Asif Khan is the CEO and majority shareholder of Shacknews. He began his career in video game journalism as a freelancer in 2001 for Tendobox.com. Asif is a CPA and was formerly an investment adviser representative. After much success in his own personal investments, he retired from his day job in financial services and is currently focused on new private investments. His favorite PC game of all time is Duke Nukem 3D, and he is an unapologetic fan of most things Nintendo. Asif first frequented the Shack when it was sCary's Shugashack to find all things Quake. When he is not immersed in investments or gaming he is a purveyor of fine electronic music. Asif also has an irrational love of Cleveland sports.

Pros
  • Classic gameplay with modern refinements
  • Outstanding graphics and performance
  • Amazing and timeless soundtrack
  • Create-A-Skater is still fun
  • Easy to pick up and play
  • Tons of replay value
Cons
  • Online Multiplayer is lacking features
  • New gameplay mechanics don't always translate well to older levels
  • Audio design choices bring some noise to the mix
From The Chatty
  • reply
    September 9, 2020 6:09 PM

    Asif Khan posted a new article, Tony Hawk's Pro Skater 1+2 review: Welcome back to The 9 Club, bro

    • reply
      September 9, 2020 7:59 PM

      Yeah I need to buy this. Great write-up!

    • reply
      September 10, 2020 1:16 AM

      I've put about 10 hours into it so far and I'm loving it. Fantastic update of a classic.

    • reply
      September 10, 2020 1:17 AM

      This game scratches a serious nostalgia itch. I ended up turning off the music and using a Spotify playlist,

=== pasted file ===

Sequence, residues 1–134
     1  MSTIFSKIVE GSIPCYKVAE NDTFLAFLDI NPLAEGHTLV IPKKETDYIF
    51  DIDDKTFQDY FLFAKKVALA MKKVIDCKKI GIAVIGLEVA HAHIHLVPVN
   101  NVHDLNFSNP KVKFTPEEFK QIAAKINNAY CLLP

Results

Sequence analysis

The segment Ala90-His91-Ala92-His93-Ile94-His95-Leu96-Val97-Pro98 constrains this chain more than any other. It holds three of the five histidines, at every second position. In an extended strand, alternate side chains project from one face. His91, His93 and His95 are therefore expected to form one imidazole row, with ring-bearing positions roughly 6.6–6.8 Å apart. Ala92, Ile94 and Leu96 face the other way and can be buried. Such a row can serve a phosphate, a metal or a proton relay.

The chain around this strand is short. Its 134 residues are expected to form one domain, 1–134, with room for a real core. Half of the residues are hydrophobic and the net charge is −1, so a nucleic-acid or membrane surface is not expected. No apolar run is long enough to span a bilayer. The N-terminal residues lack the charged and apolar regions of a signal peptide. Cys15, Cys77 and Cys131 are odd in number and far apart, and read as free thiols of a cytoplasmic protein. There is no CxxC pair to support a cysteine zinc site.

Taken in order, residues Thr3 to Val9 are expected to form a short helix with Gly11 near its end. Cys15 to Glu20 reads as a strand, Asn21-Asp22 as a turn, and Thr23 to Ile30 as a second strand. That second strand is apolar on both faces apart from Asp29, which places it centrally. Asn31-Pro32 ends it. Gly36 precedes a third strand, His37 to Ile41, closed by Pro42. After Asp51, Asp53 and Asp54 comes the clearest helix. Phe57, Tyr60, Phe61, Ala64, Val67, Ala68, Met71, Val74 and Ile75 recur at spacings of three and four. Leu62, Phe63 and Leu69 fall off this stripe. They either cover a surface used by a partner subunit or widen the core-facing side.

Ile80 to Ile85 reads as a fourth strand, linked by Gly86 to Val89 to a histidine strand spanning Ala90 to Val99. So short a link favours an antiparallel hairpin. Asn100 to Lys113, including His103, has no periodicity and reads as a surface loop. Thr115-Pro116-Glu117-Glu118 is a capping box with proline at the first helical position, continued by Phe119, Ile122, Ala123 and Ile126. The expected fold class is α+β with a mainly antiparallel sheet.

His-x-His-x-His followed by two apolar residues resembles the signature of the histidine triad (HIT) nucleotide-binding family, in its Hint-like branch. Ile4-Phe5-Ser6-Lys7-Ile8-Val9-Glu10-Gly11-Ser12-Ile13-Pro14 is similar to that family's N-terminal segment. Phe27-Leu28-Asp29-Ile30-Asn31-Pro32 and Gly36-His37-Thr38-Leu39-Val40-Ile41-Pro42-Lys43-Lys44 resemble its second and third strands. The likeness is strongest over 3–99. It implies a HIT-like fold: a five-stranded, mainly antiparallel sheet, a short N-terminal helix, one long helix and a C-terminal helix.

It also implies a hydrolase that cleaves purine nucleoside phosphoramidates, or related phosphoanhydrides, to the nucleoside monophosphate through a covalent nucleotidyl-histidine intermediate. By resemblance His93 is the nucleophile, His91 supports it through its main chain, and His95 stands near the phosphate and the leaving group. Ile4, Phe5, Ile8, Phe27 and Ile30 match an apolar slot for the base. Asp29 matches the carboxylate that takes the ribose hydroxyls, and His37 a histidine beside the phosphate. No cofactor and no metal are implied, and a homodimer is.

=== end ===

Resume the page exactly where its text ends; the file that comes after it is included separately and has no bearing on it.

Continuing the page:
https://open.spotify.com/playlist/205IusVHEgJE8LREEr0woC

    • reply
      September 10, 2020 4:19 AM

      Game is seriously great if you’re a fan of the original. I’ve always sucked at THPS games, but loved them anyway, and this package does a great job of refreshing the look of the game while keeping the gameplay intact.

      • reply
        September 10, 2020 5:31 AM

        Yeah I love that it retcons mechanics into the game that weren't even in 1 & 2 like reverts. I probably played THPS3 more than any of the other ones and playing this was like riding that bike again, although I am kind of disappointed that there aren't any THPS3 levels in the game... like I would have preferred the game being THPS 2+3 rather than 1+2 but I'm guessing based off the success of this game they'll release a 3+4 eventually or something.

        • reply
          September 10, 2020 7:00 AM

          Yeah I'm hoping there's a 3+4 too. It'd make for a good time.

          I really gotta learn how not to suck at this game though. I know what I'm supposed to do, but I'm a klutz. :(

        • reply
          September 10, 2020 7:18 AM

          Would you want a separate 3+4 release or dlc add-ons / expansions for this one?

          The mechanics are already in there and the pricing is already such that $20 for a pack with each game would be reasonable. I think it would be great if they continue to fill this one out with as much THPS as they can, but a wholly separate release would probably sell more.

          Maybe they could do both, and with 3+4 offer the THPS 1+2 content as optional add-ons for those that skipped it. Win-win. Where are my royalties, Activision?

    • reply
      September 10, 2020 5:30 AM

      Woot. Was waiting for this review from the Asif man. It’s probably the best remake of all time imo. I picked it up, dusted off 18 years of rust and it was like riding a bike. It truly feels like the originals but with less floaty hang time. I finished everything now I’m just working on challenges and getting platinum in each level.